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Last weeks column mentioned the predictability of the 2014 football championships. Dublin, Kerry, Mayo and Donegal got the most nominations last May and hey presto, here they are, all lined up for the final two fences.

The Evening Herald Gaelic football columnists had a go at the prediction game before a ball was thrown in and a feature of the championship supplement was a piece called 'The Usual Suspects' . There was a very high hit rate.

So, Dublin to win versus Donegal and then a handy enough final to complete the first two-in-a-row under the same manager in nearly a quarter of a century seems to be the national narrative? Are the Dubs really unbeatable? A winning average against all comers to date of 15 points suggest they are miles ahead of the posse and when you have the country's best players and best management in excellent sync you really are in a great place.

I had the opportunity to chat briefly with Dublin's Philly McMahon on radio recently and I enquired how Dublin prepared well and then consistently performed well despite the background noise of undiluted favouritism.

The word Philly used that stuck with me was 'humility' and the sense that they worked hard within the camp as individuals, worked hard as a group and in a real way, enjoyed each others company. The sense of purpose they show was real, their endeavours totally committed to the idea of team and the idea of the well-oiled machine is an easy one to envisage. My own line, borrowed from various coaches over the years, covers this mood perfectly: Honesty of Effort.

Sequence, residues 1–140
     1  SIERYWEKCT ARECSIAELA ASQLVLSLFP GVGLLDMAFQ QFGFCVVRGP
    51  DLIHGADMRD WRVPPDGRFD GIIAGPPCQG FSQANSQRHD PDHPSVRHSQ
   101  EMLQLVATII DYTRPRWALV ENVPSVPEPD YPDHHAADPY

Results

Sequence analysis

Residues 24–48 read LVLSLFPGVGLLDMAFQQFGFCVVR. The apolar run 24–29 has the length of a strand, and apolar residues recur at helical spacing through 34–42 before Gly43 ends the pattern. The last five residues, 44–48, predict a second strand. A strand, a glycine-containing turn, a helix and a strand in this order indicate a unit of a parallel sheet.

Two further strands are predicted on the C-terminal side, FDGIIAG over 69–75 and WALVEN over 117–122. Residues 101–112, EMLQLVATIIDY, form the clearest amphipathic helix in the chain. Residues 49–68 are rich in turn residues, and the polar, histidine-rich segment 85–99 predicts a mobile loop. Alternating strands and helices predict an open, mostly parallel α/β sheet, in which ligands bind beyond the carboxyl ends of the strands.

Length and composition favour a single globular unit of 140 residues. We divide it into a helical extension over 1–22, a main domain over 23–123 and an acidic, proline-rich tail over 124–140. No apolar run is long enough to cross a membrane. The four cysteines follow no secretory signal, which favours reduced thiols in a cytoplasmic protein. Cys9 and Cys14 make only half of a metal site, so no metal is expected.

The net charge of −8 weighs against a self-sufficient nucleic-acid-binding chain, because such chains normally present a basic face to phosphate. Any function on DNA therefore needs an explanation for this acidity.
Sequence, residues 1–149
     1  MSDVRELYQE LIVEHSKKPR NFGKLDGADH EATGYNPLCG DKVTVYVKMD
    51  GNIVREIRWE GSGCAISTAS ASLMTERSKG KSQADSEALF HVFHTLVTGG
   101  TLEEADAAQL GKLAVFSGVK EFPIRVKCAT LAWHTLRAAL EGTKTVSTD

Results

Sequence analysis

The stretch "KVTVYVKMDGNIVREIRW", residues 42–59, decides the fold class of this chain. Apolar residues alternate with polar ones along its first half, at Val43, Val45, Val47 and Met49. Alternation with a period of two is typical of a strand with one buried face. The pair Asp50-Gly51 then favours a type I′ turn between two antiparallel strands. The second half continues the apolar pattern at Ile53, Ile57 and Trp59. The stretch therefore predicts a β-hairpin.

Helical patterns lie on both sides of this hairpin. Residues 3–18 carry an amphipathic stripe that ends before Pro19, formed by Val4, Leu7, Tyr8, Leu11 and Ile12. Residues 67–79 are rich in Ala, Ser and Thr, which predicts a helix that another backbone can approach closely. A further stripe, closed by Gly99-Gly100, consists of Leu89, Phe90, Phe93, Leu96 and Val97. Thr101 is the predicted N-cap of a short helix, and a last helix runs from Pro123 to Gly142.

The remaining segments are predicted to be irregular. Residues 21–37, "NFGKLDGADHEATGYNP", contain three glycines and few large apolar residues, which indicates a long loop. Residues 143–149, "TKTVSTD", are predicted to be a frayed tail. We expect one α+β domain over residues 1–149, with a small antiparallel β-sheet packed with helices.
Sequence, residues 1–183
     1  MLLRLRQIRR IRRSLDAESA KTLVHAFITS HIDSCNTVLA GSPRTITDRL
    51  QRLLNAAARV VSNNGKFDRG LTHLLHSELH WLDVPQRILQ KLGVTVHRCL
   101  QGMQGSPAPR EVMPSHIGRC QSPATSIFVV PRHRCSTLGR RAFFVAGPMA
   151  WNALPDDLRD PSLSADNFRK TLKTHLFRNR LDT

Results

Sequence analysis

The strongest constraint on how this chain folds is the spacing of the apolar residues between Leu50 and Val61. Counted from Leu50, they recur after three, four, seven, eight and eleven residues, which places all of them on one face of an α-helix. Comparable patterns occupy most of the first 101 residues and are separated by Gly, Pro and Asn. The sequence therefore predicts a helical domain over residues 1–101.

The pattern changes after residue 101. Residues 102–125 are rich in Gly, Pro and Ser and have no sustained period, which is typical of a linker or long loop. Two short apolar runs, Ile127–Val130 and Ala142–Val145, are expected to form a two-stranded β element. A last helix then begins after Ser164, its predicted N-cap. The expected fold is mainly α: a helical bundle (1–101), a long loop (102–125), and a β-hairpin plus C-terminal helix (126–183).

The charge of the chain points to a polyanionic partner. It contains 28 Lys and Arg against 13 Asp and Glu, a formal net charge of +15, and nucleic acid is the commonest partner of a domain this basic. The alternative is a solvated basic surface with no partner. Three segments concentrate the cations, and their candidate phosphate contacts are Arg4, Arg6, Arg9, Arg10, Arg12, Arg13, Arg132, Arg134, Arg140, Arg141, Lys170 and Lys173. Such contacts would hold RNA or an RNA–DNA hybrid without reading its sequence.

But all athletes will know that there is often a day when the favourite is a little off-key, has been over or under cooked and presents for big games just a little flat. It happened Dublin in the final last year and Mayo really should have taken them down.

Of course it's easier to beat unbeatable teams (is that an oxymoron?) in soccer where a single goal well defended, or a penalty shoot out, can herald the underdog to the winners podium. Gaelic football, because there is a different scoring system, favours the best team most of the time. But you don't have to be an old man to remember how unbackable and unbeatable every body thought Kerry (1982 v Offaly), Dublin (1992 v Donegal) and Kerry (2002 v Armagh) were.

We know also from recent history that because of the improvement in standards of competing counties, it is an absolute requirement that champions must replicate, if not surpass, the massive hunger and desire shown the previous year. That same history book tells us those champions have failed to do so.

So, who will be the team that beats the team, every body said cannot be beaten? Around this time last year Donegal held pole position only to be hammered by Mayo. This time around Dublin are in the box seat but take it as read the remaining trio have their eyes firmly set on the cup.

Belief within a camp is often the last story to seep out when it really is the only story that matters. Elite footballers have no business competing if they don't believe in themselves and their team and this is why nobody at this stage of a championship is unbeatable. Mayo, Kerry and Donegal will believe. I expect Dublin know this.